To all visitors: Kalvos & Damian is now a historical site reflecting nonpop
from 1995-2005. No updates have been made since a special program in 2015.
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Chronicle of the NonPop Revolution

Submission Guidelines & Clearances

Kalvos & Damian and Noizepunk & Das Krooner are both out of production as of 2011. For now, please do not send materials.
(We are maintaining our recording library, so nothing will be lost.)

This information partially updated September 2013.

How We Do the Show

From 1995-2005, our show was live in the WGDR studios. When we gave up the show on the air and took our 33-month break, ideas changed. Podcasts became important and more convenient to our own way of working. We were no longer interested in being locked into a weekly date. We had already given up 537 consecutive Saturdays!

There are two ways to be on "K&D: In the House":

Sending Recordings

Whenever you have new recordings (especially good-quality concert recordings), please forward us a copy. We play what we can to keep our guests' music in our audience's ears. We especially love to present unique live recordings that aren't commercially available. We scan the covers of your released recordings, and add the images to your web page. If you are represented by a record label, please ask them to send us copies.

Forward your latest recordings along with the clearance form directly to:

Kalvos & Damian's New Music Bazaar
176 Cox Brook Road
Northfield, Vermont 05663 USA.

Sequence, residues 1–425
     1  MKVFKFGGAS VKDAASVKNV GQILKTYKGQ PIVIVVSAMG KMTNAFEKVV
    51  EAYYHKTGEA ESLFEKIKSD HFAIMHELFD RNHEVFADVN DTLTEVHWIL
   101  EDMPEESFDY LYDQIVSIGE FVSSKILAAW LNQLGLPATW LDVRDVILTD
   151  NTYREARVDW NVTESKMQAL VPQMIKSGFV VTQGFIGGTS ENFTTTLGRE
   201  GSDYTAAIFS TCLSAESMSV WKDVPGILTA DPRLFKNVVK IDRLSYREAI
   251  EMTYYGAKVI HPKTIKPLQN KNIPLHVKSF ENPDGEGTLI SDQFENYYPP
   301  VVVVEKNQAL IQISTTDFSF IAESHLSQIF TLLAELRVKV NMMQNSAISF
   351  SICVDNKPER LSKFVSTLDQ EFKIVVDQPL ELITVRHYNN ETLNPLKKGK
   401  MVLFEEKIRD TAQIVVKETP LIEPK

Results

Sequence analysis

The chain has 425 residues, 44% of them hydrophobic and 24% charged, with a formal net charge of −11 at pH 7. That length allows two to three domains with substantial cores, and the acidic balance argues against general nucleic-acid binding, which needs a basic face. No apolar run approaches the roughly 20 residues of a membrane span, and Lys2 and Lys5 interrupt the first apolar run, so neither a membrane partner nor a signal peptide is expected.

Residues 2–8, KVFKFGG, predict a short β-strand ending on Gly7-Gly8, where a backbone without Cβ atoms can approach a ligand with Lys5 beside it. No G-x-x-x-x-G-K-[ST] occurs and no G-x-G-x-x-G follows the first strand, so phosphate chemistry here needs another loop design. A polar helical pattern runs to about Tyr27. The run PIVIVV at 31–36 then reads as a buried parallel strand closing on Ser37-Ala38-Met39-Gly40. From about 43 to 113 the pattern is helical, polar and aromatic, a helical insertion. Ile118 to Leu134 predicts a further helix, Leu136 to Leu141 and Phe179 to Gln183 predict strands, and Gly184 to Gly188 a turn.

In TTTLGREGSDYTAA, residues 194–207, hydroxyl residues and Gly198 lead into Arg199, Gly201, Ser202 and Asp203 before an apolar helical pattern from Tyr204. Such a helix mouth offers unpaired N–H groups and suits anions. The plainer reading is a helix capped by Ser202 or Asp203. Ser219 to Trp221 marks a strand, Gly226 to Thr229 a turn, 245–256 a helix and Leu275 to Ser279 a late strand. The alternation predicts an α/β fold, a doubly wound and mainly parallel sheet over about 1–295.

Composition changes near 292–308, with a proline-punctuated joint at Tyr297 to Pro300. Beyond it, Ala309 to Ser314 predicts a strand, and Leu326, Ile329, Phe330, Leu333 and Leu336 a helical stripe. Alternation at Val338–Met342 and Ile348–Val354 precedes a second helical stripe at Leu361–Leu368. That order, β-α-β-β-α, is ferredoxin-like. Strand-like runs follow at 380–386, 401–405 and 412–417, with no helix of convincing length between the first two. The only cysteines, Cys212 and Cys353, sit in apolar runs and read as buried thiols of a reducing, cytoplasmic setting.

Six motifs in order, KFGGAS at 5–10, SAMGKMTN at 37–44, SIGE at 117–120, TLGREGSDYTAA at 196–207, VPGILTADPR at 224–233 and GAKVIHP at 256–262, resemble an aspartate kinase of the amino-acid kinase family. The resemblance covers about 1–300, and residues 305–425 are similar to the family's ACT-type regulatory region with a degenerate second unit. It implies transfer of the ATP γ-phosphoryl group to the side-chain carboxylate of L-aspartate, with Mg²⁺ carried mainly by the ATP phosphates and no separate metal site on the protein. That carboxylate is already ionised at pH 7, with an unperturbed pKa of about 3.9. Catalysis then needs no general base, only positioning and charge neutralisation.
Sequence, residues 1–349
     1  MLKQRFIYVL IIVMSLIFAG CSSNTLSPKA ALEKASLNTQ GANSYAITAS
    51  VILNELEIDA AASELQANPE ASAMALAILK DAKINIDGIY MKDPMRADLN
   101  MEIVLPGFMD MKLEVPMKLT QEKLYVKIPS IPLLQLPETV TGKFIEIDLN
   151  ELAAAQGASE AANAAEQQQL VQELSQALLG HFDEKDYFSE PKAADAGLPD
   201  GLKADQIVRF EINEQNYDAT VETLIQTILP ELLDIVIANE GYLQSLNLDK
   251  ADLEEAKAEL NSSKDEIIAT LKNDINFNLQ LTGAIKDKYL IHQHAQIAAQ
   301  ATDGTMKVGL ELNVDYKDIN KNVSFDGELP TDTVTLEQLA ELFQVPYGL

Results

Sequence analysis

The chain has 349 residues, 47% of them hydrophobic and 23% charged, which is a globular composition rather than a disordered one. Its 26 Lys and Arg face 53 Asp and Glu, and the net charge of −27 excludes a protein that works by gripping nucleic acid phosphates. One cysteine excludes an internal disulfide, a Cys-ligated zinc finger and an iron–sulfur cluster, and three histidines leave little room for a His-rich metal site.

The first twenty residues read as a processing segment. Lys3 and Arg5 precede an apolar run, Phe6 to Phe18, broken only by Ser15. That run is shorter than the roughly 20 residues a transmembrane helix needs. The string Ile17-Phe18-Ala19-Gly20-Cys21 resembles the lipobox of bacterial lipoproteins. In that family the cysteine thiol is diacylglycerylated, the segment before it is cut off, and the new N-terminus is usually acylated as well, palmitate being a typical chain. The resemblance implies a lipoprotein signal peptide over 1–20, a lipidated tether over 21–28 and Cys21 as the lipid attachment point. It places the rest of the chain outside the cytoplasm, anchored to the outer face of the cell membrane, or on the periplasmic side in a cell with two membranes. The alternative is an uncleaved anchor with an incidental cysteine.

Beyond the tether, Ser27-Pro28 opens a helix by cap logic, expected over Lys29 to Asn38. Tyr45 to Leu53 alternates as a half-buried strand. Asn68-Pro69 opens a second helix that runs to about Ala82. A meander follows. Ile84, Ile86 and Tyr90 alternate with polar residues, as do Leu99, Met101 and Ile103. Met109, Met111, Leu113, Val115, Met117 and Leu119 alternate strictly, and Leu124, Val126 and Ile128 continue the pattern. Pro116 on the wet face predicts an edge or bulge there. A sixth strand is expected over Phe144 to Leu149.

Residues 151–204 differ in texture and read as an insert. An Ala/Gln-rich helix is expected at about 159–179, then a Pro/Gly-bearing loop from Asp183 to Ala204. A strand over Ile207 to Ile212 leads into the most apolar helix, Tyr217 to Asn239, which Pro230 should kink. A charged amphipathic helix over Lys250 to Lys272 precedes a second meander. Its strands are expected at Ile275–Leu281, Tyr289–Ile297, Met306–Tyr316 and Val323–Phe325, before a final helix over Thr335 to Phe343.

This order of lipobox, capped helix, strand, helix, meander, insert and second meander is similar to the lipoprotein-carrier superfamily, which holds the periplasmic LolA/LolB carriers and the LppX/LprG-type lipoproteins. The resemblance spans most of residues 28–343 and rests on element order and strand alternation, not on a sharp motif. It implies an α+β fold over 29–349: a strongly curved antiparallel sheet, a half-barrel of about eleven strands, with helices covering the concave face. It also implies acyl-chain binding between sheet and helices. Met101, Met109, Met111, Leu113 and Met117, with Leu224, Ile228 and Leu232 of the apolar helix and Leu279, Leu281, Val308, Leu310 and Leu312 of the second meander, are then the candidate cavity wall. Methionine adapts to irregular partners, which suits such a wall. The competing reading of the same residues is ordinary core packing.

Important: Do not send recordings to WGDR! They will not reach K&D, as we are independently produced.


With your recordings (both for regular broadcast and for your interview), please include a note giving us permission to include your music as part of our cybercast archives.

Most of you have been respecting this request. What was once a pre-emptive "just in case" request has been essential since 1998. Despite our non-profit and research status, broadcast licenses, cybercast grandfathering, and our very purpose, we are targeted by every agency wanting money that will never get to you as a composer.

All broadcasts are archived, so please do not forget the clearance permission. The music is not archived in hi-fi format, only at streaming speeds; and permission may be withdrawn at your request. Below is the agreement created by our friend Joseph Celli at oodiscs:

Agreement between [Composer, Label] and Kalvos & Damian's New Music Bazaar ("K&D"), a broadcast program, Internet cybercast, and Web site sound archive.